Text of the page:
Élie Benoist

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Élie Benoist
Elie Benoit.jpg
Born (1640-01-20)January 20, 1640
Died December 15, 1728(1728-12-15) (aged 88)
Nationality  France
Occupation Minister
Known for Historian of the Edict of Nantes

Élie Benoist (10 January 1640 – 15 November 1728), was a French Protestant minister, known as an historian of the Edict of Nantes.[1]

Benoist was born in Paris. His parents were servants of the Protestant family of La Trémoille. He displayed an early fondness for the classics, and supported himself tutoring in divinity while he studied at Montaigu College and at the Collège de La Marche (in the University of Paris) after the Huguenot college at Montauban, was disbanded on protest from the Jesuits, so he was ordained in 1664 from Puylaurens.

In 1665, the year after he was ordained, he was called to Alençon, where the original temple of the Huguenots had been ordered demolished the previous year. He served for twenty years as Protestant minister on the outskirts of the city, with as much prudence as capacity, under the watchful eye of the authorities. He married a difficult wife. He met with much opposition from the Roman Catholics, especially from the Jesuit de la Rue, who attacked him and even incited a riot against him in August 1681.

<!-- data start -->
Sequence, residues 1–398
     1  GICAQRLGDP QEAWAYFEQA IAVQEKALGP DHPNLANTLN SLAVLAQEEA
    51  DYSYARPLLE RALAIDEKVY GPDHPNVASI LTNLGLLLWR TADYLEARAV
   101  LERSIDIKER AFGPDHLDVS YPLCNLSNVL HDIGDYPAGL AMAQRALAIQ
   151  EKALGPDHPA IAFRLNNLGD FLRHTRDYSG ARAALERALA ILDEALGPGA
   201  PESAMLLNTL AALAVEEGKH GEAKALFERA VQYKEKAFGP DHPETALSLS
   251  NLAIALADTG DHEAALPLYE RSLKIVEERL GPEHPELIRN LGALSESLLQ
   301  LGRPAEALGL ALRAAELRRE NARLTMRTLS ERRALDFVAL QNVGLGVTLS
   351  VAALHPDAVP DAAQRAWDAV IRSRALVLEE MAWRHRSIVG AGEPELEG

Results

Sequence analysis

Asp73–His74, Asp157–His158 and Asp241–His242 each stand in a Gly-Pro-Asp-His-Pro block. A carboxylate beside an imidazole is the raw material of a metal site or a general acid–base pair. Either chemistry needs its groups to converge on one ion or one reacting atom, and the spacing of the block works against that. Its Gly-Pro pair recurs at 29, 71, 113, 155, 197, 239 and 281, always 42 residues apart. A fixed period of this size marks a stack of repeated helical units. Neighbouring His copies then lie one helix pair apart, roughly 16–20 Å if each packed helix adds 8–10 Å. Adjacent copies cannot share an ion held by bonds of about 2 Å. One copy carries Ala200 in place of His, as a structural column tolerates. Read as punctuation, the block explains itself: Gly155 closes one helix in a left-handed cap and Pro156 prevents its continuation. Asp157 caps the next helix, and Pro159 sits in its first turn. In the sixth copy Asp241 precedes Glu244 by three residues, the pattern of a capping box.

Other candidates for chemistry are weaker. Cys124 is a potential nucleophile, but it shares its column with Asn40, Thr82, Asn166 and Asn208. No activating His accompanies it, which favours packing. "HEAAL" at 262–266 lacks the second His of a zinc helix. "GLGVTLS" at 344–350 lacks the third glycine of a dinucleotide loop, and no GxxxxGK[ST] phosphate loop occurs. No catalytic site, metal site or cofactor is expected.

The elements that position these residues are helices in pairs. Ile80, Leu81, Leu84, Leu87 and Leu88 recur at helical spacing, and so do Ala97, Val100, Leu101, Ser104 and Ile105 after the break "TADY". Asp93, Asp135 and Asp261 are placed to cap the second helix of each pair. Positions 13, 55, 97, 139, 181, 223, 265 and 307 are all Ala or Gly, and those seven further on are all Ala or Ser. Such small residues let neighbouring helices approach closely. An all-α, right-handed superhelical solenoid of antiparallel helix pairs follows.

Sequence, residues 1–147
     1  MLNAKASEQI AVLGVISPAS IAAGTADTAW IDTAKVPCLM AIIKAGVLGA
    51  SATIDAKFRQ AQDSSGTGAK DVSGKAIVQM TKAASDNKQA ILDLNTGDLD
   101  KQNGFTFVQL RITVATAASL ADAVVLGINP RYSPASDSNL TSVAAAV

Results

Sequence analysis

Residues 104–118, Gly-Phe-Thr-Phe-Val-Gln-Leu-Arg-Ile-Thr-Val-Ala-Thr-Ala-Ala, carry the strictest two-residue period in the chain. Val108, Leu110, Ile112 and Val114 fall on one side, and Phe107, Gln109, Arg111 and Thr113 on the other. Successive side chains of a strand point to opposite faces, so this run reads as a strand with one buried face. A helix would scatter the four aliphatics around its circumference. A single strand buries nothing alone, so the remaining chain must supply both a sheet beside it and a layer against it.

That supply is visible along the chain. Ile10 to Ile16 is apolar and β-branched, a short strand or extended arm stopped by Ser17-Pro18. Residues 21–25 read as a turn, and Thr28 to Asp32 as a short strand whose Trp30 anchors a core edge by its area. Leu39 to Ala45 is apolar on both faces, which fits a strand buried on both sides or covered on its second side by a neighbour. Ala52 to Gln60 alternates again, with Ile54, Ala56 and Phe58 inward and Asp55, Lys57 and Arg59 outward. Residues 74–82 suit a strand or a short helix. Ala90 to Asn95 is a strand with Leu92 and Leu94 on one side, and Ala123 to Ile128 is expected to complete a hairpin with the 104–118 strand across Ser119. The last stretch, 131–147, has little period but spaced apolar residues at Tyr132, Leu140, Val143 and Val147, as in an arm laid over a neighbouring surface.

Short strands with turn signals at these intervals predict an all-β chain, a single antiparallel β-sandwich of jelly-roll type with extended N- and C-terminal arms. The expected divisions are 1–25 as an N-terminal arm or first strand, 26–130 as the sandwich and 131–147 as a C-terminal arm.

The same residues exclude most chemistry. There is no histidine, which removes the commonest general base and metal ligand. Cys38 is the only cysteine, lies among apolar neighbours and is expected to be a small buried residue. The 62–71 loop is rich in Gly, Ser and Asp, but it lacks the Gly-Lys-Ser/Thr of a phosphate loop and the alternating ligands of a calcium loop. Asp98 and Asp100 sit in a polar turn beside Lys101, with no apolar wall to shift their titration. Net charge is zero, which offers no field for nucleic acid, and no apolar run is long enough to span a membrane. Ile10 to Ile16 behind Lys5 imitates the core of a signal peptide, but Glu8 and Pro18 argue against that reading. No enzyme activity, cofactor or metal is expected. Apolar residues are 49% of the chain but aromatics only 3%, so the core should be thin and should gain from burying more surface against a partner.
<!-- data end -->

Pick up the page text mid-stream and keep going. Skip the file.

He was already in hiding in Paris at the time of the revocation of the Edict of Nantes. Benoist immediately went to Holland, and was called as minister to the Walloon church of Delft, which worshiped in a chapel adjacent to the Prinsenhof; there he stayed thirty years, followed by an actively participating retirement. In 1687 he engaged on his massive project of the history of the Edict of Nantes, published from 1693 to 1695 and rapidly translated into English as it appeared. "To this undertaking Benoist brought the advantages of a solid education, a capacity for meticulous detail and painstaking research, integrity in the use of his sources, and a desire to be fair while acknowledging his ardent desire to vindicate his people," is the conclusion of his biographer Charles Johnston.[2] He died, aged 88, in Delft.


  1. ^ Dates and biographical details in this article are drawn from Charles Johnston, "Elie Benoist, Historian of the Edict of Nantes" Church History 55 (1986) pp. 468–488, p. 468.
  2. ^ Charles Johnston 1986, p. 468.


Traité dogmatique et historique, 1703


  • G. Bonet-Maury, Schaff-Herzog Encyclopedia of Religious Knowledge, vol. 2, New York and London: Funk and Wagnalls Company, 1908.
  • P. Pascal, Élie Benoist et l'église réformée d'Alençon, Paris, 1892.
  • E. and É. Haag, La France protestante, ii, 269 sqq. 2d éd. by Bordier, Paris, 1877 sqq.
  • Bulletin de la société d'histoire du protestantisme français, 1876, p. 259, 1884, pp. 112, 162.
  • Charles Johnston (December 1986). "Elie Benoist, Historian of the Edict of Nantes". Church History. American Society of Church History. 55 (4): 468–488. doi:10.2307/3166369. ISSN 0009-6407. JSTOR 3166369. 

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